The following four poems appear in Barnett’s most recent collection, The Game of Boxes (Graywolf Press, 2012).
Categories of Understanding
I’m studying the unspoken.
“What?” my son asks.
“What are you looking at?”
But there is no explaining,
I can only speak the way light
falls, the way the cotton sheet
lays itself over his sleeping or resting
or dissolving body, touching him with
its ephemera, its oblivion.
We didn’t believe an elephant could squeeze into church
so we went to church and waited while the priest
kept saying listen and forgive and the animals all around us
listened, or didn’t listen, some strained against leashes,
some wore disguises that made them look like people we knew,
people we should forgive or be forgiven by,
we didn’t know which, even the elephant
looked like someone we knew, flooding the doorway
like a curtain of light, swaying from side to side.
Her hide was cracked down to her feet and her eyes,
they shone like glass before it breaks. She looked
like she might fly but only walked down the aisle
in a dirty gown of wrinkles, so wrinkled and slow
and vast and silvery, the whole galaxy shivering.
The Modern Period
When Gutenberg figured out
how to make letters that could be
rearranged he changed us all.
Once upon a time
I laid my head on books
and was surrounded by books
and bought books and rescued books
reminding me I had only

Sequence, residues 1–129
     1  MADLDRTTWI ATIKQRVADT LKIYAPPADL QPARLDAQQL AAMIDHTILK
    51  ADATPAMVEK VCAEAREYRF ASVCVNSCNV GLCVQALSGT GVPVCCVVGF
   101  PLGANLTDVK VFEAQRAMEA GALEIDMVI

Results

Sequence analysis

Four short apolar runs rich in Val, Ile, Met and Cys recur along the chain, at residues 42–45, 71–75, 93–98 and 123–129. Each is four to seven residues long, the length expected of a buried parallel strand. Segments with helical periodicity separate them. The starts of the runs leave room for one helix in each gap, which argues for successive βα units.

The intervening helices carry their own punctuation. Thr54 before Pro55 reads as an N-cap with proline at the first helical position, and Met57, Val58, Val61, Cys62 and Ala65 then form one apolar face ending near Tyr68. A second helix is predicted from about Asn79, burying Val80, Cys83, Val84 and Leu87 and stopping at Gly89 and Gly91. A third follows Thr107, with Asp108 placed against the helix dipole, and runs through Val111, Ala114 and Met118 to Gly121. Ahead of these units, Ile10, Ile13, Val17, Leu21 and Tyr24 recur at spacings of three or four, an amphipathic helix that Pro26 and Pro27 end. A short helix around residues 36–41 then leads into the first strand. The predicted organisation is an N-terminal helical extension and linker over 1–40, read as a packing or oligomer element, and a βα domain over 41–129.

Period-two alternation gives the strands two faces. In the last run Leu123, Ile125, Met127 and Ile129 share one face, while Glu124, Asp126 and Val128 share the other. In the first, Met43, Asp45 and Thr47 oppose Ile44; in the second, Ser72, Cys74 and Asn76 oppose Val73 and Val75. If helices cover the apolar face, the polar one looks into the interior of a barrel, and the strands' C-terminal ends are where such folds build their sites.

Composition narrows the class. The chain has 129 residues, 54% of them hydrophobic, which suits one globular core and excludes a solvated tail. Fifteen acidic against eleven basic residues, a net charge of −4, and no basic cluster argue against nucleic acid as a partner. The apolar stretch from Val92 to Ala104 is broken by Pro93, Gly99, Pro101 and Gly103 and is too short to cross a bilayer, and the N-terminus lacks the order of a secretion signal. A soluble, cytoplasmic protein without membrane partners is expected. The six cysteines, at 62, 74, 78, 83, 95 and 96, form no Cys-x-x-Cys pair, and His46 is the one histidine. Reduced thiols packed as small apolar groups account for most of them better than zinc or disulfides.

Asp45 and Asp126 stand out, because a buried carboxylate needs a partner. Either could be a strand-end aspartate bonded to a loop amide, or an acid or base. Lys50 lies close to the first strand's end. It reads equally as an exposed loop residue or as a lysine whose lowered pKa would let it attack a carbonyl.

finite years in the book of my son,
whom I almost left for books,
to whom I leave my books.
This evening I shared a cab with a priest
who said it was a fine day to ride cross town
with a writer. But I can’t
finish the play I said,
it’s full of snow.
walked slowly, a cigarette warmed
Some of the best sermons
don’t have endings, he said
while the tires rotated unceasingly
All over town people were waiting
and doubleparked and
making love and waiting.
The temperature dropped
until the shiverers zipped their jackets
and all manner of things started up again.
Read Catherine Barnett’s reflection on The Riggio Honors Program: Writing & Democracy.
Catherine Barnett is the recipient of a 2012 Academy of American Poets’ James Laughlin Award, a 2006 Guggenheim Fellowship, a 2004 Whiting Writers’ Award, the 2004 Glasgow Prize for Emerging Writers, and a Pushcart Prize. Her book, Into Perfect Spheres Such Holes Are Pierced, won the 2003 Beatrice Hawley Award and was published in spring 2004 by Alice James Books. Her poems have been published in Gulf Coast, Pleiades, the Washington Post, Barrow Street, Shenandoah, the Massachusetts Review, and the Iowa Review. Barnett also teaches at NYU, where she was recently honored with an Outstanding Service Award.
Four Poems / Catherine Barnett
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